I recently joined NetGalley where I can (from publishers) request, read, and review books just before official publication. Random House Children’s invited me to review Sarah Mlynowski’s forthcoming title Don’t Even Think About It. Read below for my first NetGalley review.
Random House Children’s at NetGalley Summary:
We weren’t always like this. We used to be average New York City high school sophomores. Until our homeroom went for flu shots. We were prepared for some side effects. Maybe a headache. Maybe a sore arm. We definitely didn’t expect to get telepathic powers. But suddenly we could hear what everyone was thinking. Our friends. Our parents. Our crushes. Now we all know that Tess is in love with her best friend, Teddy. That Mackenzie cheated on Cooper. That, um, Nurse Carmichael used to be a stripper.
Since we’ve kept our freakish skill a secret, we can sit next to the class brainiac and ace our tests. We can dump our boyfriends right before they dump us. We know what our friends really think of our jeans, our breath, our new bangs. We always know what’s coming. Some of us will thrive. Some of us will crack. None of us will ever be the same.
So stop obsessing about your ex. We’re always listening.
The Literary Atlas Review:
I enjoyed Sarah Mlynowski’s Don’t Even Think About It. I loved the humor Mlynowski injects into the story: it allowed me to sympathize with the characters and to laugh along with them; to find them endearing instead of overly dramatic. I decided to review Don’t Even Think About It simply because I found the book’s premise unique and intriguing. What would a bunch of high school students do with telepathic powers after receiving the flu shot? I had to find out.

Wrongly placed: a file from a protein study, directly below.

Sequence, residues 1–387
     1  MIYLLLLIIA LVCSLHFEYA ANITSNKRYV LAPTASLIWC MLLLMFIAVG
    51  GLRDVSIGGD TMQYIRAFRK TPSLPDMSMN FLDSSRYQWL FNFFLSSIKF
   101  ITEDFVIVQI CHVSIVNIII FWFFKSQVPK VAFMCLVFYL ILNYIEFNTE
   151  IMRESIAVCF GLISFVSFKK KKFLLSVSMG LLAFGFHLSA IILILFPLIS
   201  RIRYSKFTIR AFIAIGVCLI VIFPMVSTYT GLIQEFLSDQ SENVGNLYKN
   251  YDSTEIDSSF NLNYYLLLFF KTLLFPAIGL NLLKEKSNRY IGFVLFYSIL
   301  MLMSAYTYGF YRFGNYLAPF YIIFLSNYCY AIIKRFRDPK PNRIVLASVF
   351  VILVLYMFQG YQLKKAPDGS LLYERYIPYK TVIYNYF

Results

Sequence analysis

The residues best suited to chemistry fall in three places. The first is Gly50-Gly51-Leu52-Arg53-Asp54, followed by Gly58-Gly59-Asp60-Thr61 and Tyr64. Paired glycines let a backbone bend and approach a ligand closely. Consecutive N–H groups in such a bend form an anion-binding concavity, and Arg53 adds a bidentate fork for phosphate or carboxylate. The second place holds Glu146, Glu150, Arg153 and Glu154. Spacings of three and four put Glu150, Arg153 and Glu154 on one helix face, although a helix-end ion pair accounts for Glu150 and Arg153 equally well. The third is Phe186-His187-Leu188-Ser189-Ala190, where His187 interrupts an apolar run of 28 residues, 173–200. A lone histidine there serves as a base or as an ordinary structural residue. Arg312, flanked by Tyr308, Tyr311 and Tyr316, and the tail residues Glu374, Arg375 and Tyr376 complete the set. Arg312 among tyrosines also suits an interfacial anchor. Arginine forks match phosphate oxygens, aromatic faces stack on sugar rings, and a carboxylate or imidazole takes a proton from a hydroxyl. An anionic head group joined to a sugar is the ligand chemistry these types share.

Mlynowski deals with the usual subjects in YA: boyfriend/girlfriend trouble, fitting in, grades, college, and the like. However, three elements of Don’t Even Think About It kept me reading the book. First, it’s a quick read with a fast pace and simple plot. A straightforward plot (see above) and Mlynowski solves problems in short order. She mirrors the roller coaster ride of teenage friendships, and she does a great job capturing the inner thoughts of a teenager. For example, I found Olivia’s internal struggles and thought patterns with her various phobias believable.
Second, the humor. A lot of the narrator’s remarks put a smile on my face. Don’t Even Think About It entertained me and I laughed in all the right places. Again, the humor in the story allowed me to sympathize with the main characters. I entered their fictional world, put my adult self aside and went along for the ride.
Finally, Mlynowski uses an unusual narrator. Instead of first person I as the narrator, Mlynowski uses first person We. That change in pronoun from I to We adds a subtly creepy and slightly sinister atmosphere to the book that many teens enjoy in their books and movies. I enjoyed it myself. Using We instead of I also adds some distance between the narrator and the main characters. There’s a cold objectivity to the narrator’s voice in Don’t Even Think About It—a slight chill to the narrative voice that kept me on the edge of my seat turning page after page until the end.
I had fun reading Sarah Mlynowski’s Don’t Even Think About It. If you like YA, you will too.